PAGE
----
• I’m not a 1911 fan boy, it just happens to be the first one I bought (and only one I need according to my wife). It’s simple, it’s reliable, it’s stout, and there are enough after market parts to drive you nuts trying to make it unique.

      My only complaint is the weight. I have a good gunbelt and nice IWB holster, but that much heft is still hard to hold up.

      Oh, I also like the 1911 because .45.

    • try this one out matt in fl…

      also they did so many different songs in so many ways if you don’t find beetles songs you like your not listening to them…

    • Matt, I’ve often compared it this way…. ’69 Camaro vs. ’13 Camaro

      You know the ’13 is faster, gets better mileage, handles better and has more creature comforts but there’s just something about that ’69 that you gotta love.

      I like the way a 1911 feels, I like the way it shoots(for me), I like the history of the design and I like the fact that my grandfather carried one in the service. I also know it may not be the best tool for every job but for me it just feels right.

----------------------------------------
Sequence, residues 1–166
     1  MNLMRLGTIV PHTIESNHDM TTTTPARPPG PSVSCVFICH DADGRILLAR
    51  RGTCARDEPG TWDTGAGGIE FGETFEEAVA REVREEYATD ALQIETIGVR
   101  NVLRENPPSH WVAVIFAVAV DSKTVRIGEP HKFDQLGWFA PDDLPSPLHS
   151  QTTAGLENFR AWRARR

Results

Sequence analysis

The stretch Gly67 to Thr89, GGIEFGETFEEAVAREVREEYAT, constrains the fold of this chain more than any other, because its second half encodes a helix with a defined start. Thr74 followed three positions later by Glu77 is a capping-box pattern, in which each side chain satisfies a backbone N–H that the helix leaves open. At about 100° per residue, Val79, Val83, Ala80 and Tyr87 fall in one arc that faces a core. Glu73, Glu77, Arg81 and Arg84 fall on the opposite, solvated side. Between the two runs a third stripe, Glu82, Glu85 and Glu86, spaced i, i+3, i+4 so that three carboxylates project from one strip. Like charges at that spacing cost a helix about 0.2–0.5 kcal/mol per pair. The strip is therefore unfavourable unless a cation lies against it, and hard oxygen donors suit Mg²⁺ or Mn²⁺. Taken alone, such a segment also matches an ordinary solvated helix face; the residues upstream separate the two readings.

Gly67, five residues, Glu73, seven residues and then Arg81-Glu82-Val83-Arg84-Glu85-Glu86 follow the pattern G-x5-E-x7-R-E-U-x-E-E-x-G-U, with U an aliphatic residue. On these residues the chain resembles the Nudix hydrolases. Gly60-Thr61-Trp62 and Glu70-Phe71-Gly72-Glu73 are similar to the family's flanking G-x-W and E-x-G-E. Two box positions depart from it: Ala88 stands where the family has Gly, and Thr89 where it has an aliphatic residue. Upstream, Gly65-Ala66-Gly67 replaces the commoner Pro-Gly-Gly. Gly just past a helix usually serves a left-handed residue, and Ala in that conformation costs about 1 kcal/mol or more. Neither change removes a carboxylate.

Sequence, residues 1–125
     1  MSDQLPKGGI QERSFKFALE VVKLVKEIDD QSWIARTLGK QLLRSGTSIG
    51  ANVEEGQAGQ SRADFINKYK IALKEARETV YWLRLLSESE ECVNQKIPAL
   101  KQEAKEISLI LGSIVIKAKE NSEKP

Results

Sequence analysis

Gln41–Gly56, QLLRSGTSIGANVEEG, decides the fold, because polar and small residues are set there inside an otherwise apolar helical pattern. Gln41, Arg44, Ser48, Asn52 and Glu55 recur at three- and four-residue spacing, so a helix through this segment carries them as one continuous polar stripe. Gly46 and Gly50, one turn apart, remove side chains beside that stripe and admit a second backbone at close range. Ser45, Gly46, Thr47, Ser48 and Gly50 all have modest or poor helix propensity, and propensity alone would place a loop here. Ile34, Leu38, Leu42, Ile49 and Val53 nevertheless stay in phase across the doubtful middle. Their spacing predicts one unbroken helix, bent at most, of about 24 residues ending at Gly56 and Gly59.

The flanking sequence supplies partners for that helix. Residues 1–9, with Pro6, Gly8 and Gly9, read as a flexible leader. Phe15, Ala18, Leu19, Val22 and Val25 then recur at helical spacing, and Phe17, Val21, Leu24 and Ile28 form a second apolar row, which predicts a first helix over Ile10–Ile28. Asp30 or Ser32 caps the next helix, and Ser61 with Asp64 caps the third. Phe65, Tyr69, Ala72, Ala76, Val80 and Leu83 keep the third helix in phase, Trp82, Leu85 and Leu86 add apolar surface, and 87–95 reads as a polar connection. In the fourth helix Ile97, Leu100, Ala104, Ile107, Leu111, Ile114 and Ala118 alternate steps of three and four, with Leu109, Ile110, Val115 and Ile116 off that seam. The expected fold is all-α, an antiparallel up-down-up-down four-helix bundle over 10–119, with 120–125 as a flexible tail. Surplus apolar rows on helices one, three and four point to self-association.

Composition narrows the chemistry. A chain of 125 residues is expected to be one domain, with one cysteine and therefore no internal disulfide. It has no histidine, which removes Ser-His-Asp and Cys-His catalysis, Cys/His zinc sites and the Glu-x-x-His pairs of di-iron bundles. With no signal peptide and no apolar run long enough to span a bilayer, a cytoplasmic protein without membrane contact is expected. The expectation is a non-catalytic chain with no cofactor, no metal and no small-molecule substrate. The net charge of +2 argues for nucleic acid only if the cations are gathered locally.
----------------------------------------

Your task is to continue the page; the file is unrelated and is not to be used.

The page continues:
My ’66 Ford Custom is the same in my eyes. It’s not very pretty, it’s not very fast and she’s showing her age with creaks and groans but she works, I feel “right” driving her and I wouldn’t trade my rat for anything worth twice as much.

      • That’s where some of us ‘don’t get it’. If you jam a modern drivetrain and accoutremants into one of those old sleds it’s one thing. But living with all those 60s/70s failings when something far better is readily available, just doesn’t compute to many.

  11. A high ride thumb safety? A beavertail grip safety?Made in the USA?

    Holy piss. If it’s got an internal extractor and 8 round capacity, I may just have to leave the underside of this cozy rock .

  12. 17-4PH is a good and easily-machined stainless steel. It is more stain-resistant than truly stainless, can have major galling issues if parts made of it and working against each other are not properly heat-treated and lubricated, and has been used in firearms since the mid-70s at the latest. Auto-Mag ring any bells amongst you other geezers? They were nearly totally 17-4 PH and had major galling issues. Detonics used it for some parts, but only where it would be working against an alloy which could be significantly different metallugically and usually harder. Mostly Detonics used Carpenter 450 and 455 in the early days for highly-stressed parts.